I read a quote recently on MediaPost that got me thinking about how my family watches television and movies. It read: “Contrary to conventional wisdom only a short time ago, it’s becoming clear that consumers are happy to watch just about any type of media content on their small screens.”
Later that evening, I was sitting in my favorite spot watching the 55-inch television prominently displayed on the wall between my bookcases. My wife was going back and forth between the show on television and whatever was on her iPhone. Both of my kids (13 & 18) were sitting with us, but each had in headphones and were watching their own shows on their phones. (Now that we’ve watched every episode of The Office, it’s just so hard to find something we all can agree on.)
And that’s fine. Back when I was a teenager, we all just watched whatever Dad was watching. It’s not like we had our own televisions, let alone portable devices that streamed nearly every show in existence.
Still, you’d think there would be some push-back, some level of “I want to watch my show on the big screen tonight…” kind of arguments. But no. Everyone is perfectly content to watch their shows on 5.5-inch screens.
And it’s not just the kids. Later that evening when my wife fell asleep but I was still wide awake, I watched an episode of Star Trek on the CBS app on my phone so as not to wake her up. Did I mind that I couldn’t watch on the big screen? Not at all. Do you know why?
https://makeitinla.org/writer/definition-essay-on-physical-fitness/32/ cialis kako uzimati peligros ventajas del viagra https://ncappa.org/term/abolitionist-movement-essay/4/ the essay of child labour mixing viagra and beer https://efm.sewanee.edu/faq/educational-goals-essay-sample/22/ dosage change of effexor xr assassination of abraham lincoln essay biographic definition http://www.safeembrace.org/mdrx/kamagra-makedonija/68/ talk in life and literature essays if you do your homework now we best online services websites athens transfer essay nursing viagra side effects leg cramps valtrex pharmacy online https://dsaj.org/buyingmg/turkse-viagra-thee/200/ bula paroxetina 25mg viagra see letters my mother never read essay intermediate value theorem calculator cpe essay samples http://calliope.ualr.edu/essay.php?app=distribution-condoms-high-schools-essay free ielts essay writing samples chemistry extended essays ib go here get link it projects for students https://thembl.org/masters/an-essay-about-childhood-memory/60/ generic viagra tablets essay on stress free education Proximity.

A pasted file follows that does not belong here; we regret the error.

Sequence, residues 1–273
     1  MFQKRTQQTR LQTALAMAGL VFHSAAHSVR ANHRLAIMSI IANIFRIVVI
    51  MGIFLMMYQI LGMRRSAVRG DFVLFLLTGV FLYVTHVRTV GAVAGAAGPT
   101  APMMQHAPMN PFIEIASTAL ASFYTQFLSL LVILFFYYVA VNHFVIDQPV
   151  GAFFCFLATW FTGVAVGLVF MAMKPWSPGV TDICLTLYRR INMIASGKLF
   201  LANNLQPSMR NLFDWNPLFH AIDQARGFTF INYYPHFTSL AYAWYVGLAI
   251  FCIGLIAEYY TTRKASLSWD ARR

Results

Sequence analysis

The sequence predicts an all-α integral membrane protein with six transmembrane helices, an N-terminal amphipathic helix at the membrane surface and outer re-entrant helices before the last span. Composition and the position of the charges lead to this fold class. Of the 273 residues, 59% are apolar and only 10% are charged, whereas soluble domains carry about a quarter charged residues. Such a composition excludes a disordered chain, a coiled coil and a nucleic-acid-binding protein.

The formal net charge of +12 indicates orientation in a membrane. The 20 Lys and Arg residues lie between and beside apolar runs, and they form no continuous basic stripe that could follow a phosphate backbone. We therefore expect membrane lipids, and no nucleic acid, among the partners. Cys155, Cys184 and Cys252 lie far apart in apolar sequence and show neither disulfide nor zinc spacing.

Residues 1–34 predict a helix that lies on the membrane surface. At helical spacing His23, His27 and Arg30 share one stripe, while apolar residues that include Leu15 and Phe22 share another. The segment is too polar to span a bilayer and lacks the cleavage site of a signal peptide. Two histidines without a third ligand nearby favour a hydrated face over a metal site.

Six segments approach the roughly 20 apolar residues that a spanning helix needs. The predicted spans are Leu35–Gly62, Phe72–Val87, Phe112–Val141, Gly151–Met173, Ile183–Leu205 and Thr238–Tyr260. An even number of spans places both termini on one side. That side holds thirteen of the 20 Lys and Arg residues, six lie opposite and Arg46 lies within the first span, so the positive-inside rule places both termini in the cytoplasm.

That’s right. Proximity to a small device makes it just as large as a big screen. In my living room, my 55-inch TV is about 13 feet from the sofa. It takes up about a third of my field of vision. I see a bookcase on the left, a big screen in the middle, and a bookcase on the right.
When I hold my phone at a comfortable viewing distance, it appears to be the same size as the big screen on the wall. Only this time, the bookshelves are in the background and I can barely see them. Shows on the 5.5-inch screen look just as good as or better than they do on the 55-inch screen. It’s all about proximity.
It kind of reminds me of the old Kids in the Hall “I’m crushing your head” routine. Remember that? When viewed at a distance, people’s heads were tiny enough to “crush” between a person’s thumb and forefinger. Silly, of course, but it makes the point. At 13 feet away, the images on the big screen are actually quite small.
Where am I going with all this? If you’re an advertiser looking to run commercials in the new and exciting OTT/CTV space, don’t rule out the small screens because you want your commercial to be “big.” Thanks to the proximity of small devices, your commercial will be just as big on the small screen as it is on the large screen–maybe even bigger.
Thanks for reading. -David McBee